The Central Highlands region, Tây Nguyên, is often referred to as the backbone of Vietnam. Home to nearly half the ethnic minority groups, it clings to the west side of the centre of the country, its vast plateaus reaching up to 1,500 metres high. If you’re looking to head off the beaten track, this is a good place to start – speak to our travel experts for help with planning.
The high altitude and mountainous nature of this region mean that the climate is much cooler than on the coast, making it perfect trekking territory. Hike through stunning valleys, across farmlands and up mountain peaks, stopping overnight in small villages to eat and drink with the locals, or to swim under gushing waterfalls.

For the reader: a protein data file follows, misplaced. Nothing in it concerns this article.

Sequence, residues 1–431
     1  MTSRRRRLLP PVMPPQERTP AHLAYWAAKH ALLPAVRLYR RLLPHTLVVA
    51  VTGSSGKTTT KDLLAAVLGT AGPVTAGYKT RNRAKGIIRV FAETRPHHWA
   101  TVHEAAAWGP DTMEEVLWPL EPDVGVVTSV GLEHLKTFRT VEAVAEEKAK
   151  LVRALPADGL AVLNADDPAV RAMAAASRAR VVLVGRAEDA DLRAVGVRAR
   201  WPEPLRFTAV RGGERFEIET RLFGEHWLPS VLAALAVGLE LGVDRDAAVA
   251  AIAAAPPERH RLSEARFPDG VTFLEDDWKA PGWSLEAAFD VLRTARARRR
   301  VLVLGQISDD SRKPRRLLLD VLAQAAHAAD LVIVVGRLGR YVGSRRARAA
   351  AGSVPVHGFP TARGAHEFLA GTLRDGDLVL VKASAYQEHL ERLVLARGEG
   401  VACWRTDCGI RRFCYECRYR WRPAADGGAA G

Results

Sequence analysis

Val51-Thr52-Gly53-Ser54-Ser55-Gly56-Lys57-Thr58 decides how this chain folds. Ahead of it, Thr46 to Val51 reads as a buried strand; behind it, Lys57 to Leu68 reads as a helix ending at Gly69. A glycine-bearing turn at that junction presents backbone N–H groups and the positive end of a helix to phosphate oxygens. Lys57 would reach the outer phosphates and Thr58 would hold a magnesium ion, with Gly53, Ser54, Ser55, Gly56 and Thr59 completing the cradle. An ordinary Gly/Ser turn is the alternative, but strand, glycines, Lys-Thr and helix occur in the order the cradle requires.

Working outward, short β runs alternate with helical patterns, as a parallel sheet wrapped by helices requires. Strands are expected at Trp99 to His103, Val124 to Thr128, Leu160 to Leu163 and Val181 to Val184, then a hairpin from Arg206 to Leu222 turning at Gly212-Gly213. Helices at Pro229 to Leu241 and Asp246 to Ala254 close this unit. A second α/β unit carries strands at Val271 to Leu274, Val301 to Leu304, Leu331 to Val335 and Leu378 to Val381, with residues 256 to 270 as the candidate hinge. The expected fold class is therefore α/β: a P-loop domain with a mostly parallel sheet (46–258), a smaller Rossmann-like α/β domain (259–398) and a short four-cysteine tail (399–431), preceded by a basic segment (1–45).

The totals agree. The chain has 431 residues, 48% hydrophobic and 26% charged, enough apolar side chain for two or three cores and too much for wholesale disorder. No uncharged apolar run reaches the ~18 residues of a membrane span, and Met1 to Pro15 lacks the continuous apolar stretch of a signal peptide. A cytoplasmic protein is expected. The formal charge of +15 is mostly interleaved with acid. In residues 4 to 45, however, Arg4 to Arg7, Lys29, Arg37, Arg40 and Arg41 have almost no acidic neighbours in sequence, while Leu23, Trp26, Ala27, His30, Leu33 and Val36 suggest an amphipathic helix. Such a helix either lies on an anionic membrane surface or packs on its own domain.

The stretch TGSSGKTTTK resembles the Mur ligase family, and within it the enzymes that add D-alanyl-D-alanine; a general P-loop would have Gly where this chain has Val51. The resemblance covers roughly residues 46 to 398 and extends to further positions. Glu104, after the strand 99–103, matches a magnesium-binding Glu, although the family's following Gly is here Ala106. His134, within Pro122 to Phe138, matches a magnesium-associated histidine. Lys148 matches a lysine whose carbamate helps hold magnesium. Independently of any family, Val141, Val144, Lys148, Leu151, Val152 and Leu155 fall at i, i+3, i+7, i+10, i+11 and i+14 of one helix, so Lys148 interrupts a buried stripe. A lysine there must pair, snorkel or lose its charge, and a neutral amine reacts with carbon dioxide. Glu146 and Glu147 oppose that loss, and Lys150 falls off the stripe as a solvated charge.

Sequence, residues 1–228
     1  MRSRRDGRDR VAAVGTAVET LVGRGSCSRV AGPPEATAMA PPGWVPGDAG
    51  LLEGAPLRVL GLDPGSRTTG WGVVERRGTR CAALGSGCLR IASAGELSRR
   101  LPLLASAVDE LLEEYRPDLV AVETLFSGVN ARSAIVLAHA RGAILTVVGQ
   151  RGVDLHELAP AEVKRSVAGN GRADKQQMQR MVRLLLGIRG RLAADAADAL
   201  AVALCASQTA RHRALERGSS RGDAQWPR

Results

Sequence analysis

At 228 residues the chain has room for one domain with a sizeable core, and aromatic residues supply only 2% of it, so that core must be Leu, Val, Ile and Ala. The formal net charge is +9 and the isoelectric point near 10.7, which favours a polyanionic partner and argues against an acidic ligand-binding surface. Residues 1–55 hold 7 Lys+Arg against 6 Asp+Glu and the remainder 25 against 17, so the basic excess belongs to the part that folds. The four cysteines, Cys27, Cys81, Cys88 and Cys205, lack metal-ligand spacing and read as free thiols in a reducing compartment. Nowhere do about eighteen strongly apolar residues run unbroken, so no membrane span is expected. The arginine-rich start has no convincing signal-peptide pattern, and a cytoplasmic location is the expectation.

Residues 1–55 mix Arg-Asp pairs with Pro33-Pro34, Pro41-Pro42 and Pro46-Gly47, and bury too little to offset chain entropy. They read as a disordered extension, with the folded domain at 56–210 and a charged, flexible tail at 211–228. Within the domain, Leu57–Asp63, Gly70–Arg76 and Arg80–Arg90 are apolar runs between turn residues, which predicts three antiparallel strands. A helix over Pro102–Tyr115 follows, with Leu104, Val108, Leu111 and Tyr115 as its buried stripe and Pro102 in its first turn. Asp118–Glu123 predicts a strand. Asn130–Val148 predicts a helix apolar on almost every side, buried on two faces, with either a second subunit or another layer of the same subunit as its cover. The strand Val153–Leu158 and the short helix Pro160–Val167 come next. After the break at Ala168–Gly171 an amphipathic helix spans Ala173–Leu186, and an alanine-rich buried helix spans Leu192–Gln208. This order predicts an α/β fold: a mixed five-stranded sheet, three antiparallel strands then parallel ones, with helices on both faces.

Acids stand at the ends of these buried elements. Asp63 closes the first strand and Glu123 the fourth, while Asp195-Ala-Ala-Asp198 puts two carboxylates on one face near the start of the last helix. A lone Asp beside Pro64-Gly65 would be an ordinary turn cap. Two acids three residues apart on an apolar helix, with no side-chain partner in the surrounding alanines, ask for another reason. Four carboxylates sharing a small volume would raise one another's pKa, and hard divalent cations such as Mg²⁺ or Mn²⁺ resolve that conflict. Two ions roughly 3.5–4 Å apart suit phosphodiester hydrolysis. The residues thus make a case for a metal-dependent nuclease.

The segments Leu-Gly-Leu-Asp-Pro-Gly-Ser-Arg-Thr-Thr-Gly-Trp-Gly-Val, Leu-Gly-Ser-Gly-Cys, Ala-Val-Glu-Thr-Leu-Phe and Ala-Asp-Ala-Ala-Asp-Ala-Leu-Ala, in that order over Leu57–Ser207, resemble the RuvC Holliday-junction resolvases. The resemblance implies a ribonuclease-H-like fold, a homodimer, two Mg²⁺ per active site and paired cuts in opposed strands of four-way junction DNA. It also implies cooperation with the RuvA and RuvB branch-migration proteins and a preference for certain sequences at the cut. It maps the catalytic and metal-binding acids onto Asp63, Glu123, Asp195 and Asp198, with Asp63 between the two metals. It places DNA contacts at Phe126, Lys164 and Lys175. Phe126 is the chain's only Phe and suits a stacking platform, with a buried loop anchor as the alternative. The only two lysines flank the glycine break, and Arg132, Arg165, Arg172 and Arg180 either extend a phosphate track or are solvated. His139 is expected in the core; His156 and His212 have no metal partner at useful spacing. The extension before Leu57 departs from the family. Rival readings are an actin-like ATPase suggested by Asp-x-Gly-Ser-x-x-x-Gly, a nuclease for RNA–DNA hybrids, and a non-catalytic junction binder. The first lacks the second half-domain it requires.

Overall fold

Dray Nur Waterfall in Dak Lak
Dalạt, the capital of the Central Highland’s Lam Dong Province, is also known as the City of Eternal Spring, due to its temperate climate. Centred around a glassy lake and pretty golf course, the city was developed as a resort destination by the French, leaving behind glimpses of colonial heritage in its architecture and design. In fact, many people refer to it as ‘Le Petit Paris’, and a mini-replica of the Eiffel Tower adorns the town centre.